These are examples of a new kind of policy-making that is sweeping the world. The old style was based on the notion that human beings are rational actors who respond in straightforward ways to incentives. The new style, which supplements but does not replace the old style, is based on the obvious point that human beings are not always rational actors. Sometimes we’re mentally lazy, or stressed, or we’re influenced by social pressure and unconscious biases. It’s possible to take advantage of these features to enact change.

For example, people hate losing things more than they like getting things, a phenomenon known as loss aversion. In some schools, teachers were offered a bonus at the end of their year if they could improve student performance. This kind of merit pay didn’t improve test scores. But, in other schools, teachers were given a bonus at the beginning of the year, which would effectively be taken away if their students didn’t improve. This loss-framed bonus had a big effect.

People are also guided by decision-making formats. The people who administer the ACT college admissions test used to allow students to send free score reports to three colleges. Many people thus applied to three colleges. But then the ACT folks changed the form so there were four lines where you could write down prospective colleges. That tiny change meant that many people applied to four colleges instead of three. Some got into more prestigious schools they wouldn’t have otherwise. This improved the expected earnings of low-income students by about $10,000.

The World Bank has just issued an amazingly good report called “Mind, Society and Behavior” on how the insights of behavioral economics can be applied to global development and global health. The report, written by a team led by Karla Hoff and Varun Gauri, lists many policies that have already been tried and points the way to many more.

Sugar cane farmers in India receive most of their income once a year, at harvest time. In the weeks before harvest, when they are poor and stressed, they score 10 points lower on I.Q. tests than in the weeks after. If you schedule fertilizer purchase decisions and their children’s school enrollment decisions during the weeks after harvest, they will make more farsighted choices than at other times of the year. This simple policy change is based on an understanding of how poverty depletes mental resources.

In Zambia, hairdressers were asked to sell female condoms to their clients. Some were offered financial incentives to do so, but these produced no results. In other salons, top condom sellers had a gold star placed next to their names on a poster that all could see. More than twice as many condoms were sold. This simple change was based on an understanding of the human desire for status and admiration.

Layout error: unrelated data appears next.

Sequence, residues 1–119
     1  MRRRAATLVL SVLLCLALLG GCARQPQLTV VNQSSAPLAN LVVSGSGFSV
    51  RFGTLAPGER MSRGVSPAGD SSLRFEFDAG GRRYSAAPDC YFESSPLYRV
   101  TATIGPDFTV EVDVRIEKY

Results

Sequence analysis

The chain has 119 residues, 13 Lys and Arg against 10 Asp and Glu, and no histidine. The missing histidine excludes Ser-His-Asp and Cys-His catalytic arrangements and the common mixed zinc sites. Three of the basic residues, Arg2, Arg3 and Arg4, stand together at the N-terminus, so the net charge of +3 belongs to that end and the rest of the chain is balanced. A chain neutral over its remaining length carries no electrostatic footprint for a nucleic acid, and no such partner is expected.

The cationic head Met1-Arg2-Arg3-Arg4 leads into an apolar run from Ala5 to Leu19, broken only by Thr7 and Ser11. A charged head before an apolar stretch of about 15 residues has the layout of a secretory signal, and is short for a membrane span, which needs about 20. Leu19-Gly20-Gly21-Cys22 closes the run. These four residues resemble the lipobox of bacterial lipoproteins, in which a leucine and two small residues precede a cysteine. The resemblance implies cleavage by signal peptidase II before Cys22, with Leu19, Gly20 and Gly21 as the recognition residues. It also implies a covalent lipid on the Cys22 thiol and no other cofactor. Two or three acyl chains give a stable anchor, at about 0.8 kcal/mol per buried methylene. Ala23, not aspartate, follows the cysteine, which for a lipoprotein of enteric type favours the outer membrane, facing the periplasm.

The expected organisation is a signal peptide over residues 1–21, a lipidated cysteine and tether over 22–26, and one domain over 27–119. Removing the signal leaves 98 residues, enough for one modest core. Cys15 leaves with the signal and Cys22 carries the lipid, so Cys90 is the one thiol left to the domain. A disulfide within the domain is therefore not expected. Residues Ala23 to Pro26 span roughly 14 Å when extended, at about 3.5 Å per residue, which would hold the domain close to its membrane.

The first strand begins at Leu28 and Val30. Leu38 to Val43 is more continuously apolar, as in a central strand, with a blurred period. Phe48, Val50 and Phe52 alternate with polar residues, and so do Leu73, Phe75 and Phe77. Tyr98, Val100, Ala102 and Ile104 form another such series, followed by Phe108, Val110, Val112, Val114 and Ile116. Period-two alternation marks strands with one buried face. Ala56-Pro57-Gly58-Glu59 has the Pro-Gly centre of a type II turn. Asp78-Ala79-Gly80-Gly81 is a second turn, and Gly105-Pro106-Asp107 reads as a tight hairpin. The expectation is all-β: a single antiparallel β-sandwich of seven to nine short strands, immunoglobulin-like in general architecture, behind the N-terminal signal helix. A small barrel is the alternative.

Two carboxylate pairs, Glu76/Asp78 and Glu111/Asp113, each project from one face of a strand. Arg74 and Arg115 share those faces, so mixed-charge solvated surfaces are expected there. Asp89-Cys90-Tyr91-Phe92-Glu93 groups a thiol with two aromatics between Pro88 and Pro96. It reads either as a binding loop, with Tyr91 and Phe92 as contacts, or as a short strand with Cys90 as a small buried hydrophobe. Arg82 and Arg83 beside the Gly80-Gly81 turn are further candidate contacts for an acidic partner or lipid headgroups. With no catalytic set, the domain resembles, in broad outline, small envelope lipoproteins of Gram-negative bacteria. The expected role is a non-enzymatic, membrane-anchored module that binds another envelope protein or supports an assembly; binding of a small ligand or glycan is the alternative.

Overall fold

The policies informed by behavioral economics are delicious because they show how cheap changes can produce big effects. Policy makers in this mode focus on discrete opportunities to exploit, not vast problems to solve.

This corrects for a bias in the way governments often work. They tend to gravitate toward the grand and the abstract. For example the United Nations is now replacing the Millennium Development Goals, which expire in 2015, with the Sustainable Development Goals.

“The Millennium Development Goals are concrete, measurable and have an end-date, so they could serve as a rallying point,” says Suprotik Basu, the chief executive of the MDG Health Alliance. “One good thing about the Sustainable Development Goals is that they’re being written through a bottom-up consensus process. But sometimes the search for consensus leads you higher and higher into the clouds. The jury is out on whether we will wind up with goals concrete enough to help ministers make decisions and decide priorities.”

Behavioral economics policies are beautiful because they are small and concrete but powerful. They remind us that when policies are rooted in actual human behavior and specific day-to-day circumstances, even governments can produce small miracles.

One Company’s New Minimum Wage: $70,000 a Year – by Patricia Cohen

The idea began percolating, said Dan Price, the founder of Gravity Payments, after he read an article on happiness. It showed that, for people who earn less than about $70,000, extra money makes a big difference in their lives.

His idea bubbled into reality on Monday afternoon, when Mr. Pricesurprised his 120-person staff by announcing that he planned over the next three years to raise the salary of even the lowest-paid clerk, customer service representative and salesman to a minimum of $70,000.

“Is anyone else freaking out right now?” Mr. Price asked after the clapping and whooping died down into a few moments of stunned silence. “I’m kind of freaking out.”